Definition of wile in English:

wile

Syllabification: wile
Pronunciation: /wīl
 
/

noun

(wiles)
Devious or cunning stratagems employed in manipulating or persuading someone to do what one wants.
More example sentences
  • It is the Africans who are moving, shifting, thinking, plotting, and therefore digging their own entrenchment in this land upon which so many others have, through wiles and stratagems of their own, entrenched themselves here.
  • By current standards, Eve is old-fashioned, her wiles and stratagems strictly based on aligning herself with men for their power rather than tapping into her own.
  • Cassandra uses all of her wiles to manipulate Duncan.
Synonyms

verb

[with object] Back to top  
1 archaic Lure; entice: she could be neither driven nor wiled into the parish kirk
More example sentences
  • If I were trapped in repressive, anti-literate society in which books were banned, I think my best bet for memorisation ought to be Machiavelli's The Prince, the better to wile my way to the top.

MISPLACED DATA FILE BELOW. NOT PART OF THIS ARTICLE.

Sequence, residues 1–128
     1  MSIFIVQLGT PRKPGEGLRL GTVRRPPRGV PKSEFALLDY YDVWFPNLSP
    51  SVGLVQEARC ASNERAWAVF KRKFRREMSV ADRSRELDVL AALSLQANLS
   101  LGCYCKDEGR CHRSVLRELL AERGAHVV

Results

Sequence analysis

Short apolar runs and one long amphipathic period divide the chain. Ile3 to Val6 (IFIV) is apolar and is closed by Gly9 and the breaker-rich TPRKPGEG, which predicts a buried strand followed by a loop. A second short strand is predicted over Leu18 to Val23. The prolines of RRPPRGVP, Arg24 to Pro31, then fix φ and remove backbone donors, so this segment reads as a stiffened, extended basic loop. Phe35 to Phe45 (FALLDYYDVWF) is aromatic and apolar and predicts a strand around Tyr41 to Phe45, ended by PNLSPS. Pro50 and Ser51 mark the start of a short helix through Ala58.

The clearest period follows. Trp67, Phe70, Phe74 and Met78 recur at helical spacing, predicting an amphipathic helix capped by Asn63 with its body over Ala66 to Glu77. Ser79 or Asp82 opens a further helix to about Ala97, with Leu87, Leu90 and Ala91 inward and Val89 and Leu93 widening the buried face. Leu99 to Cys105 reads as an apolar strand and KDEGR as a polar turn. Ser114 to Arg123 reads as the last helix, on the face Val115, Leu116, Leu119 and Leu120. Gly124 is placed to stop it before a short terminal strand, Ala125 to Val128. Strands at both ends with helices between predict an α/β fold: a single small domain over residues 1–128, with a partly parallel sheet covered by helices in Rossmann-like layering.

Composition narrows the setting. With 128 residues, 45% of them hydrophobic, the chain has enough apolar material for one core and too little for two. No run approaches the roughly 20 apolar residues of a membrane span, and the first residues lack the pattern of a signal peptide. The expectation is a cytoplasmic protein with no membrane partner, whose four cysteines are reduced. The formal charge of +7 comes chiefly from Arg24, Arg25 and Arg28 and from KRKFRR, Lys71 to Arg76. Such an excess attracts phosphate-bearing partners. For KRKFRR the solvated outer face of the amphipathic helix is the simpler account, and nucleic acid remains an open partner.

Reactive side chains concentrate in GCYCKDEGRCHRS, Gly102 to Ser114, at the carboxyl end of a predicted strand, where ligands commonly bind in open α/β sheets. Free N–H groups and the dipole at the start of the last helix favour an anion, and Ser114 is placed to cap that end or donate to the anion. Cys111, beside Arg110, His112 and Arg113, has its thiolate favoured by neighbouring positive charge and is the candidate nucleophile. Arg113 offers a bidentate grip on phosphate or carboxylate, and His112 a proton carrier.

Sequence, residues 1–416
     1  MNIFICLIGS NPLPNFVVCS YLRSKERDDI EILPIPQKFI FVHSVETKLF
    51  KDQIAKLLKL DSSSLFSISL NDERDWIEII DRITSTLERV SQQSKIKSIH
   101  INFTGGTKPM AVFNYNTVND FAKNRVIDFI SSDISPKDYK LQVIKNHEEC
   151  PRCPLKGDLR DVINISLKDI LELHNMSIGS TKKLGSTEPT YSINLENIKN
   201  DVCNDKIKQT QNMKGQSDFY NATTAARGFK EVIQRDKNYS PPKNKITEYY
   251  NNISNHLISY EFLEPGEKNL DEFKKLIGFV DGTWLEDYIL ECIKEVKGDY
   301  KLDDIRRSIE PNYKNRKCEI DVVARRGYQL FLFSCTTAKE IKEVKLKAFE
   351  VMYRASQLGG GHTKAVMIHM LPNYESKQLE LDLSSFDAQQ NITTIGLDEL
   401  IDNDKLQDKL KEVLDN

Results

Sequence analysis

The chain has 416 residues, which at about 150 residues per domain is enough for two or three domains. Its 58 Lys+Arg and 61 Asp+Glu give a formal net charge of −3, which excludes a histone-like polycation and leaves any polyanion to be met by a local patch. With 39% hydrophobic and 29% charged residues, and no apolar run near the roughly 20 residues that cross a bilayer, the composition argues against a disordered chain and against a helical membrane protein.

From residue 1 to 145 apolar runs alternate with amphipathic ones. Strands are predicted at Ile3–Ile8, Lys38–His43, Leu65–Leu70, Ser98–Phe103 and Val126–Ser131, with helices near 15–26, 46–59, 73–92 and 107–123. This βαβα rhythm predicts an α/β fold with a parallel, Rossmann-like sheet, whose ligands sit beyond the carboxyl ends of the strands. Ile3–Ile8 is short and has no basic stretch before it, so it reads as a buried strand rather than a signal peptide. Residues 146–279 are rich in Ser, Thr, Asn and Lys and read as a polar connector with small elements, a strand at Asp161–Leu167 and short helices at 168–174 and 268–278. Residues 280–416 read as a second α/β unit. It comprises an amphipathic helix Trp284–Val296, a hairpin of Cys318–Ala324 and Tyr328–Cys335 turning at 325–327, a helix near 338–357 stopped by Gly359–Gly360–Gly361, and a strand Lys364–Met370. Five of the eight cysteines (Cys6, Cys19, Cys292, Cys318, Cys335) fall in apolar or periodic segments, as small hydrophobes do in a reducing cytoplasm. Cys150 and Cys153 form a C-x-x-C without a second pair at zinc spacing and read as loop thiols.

• Mike Upchat was not his real name, of course, and no one ever found out what this was; it was also not the only pseudonym he would employ in his schemes to wile his way into a woman's bed.
2 (wile away the time) another way of saying while away the time. See while.
More example sentences
  • Known for disaffected characters who wile their lives away in seedy Bronx watering holes, Shanley's plays are populated with monologues and dialogues that have been mined for years by young acting students.
  • He tempers this hobby by wiling away the days with his loser friends, and the nights catching lightning bugs.
  • And although I wiled away many hours turning the opposition to toast and liberally covering them in butter, I still logged quite a few hours with the single-player game - playing through it a couple of times.

Origin

Middle English: perhaps from an Old Norse word related to vél 'craft'.

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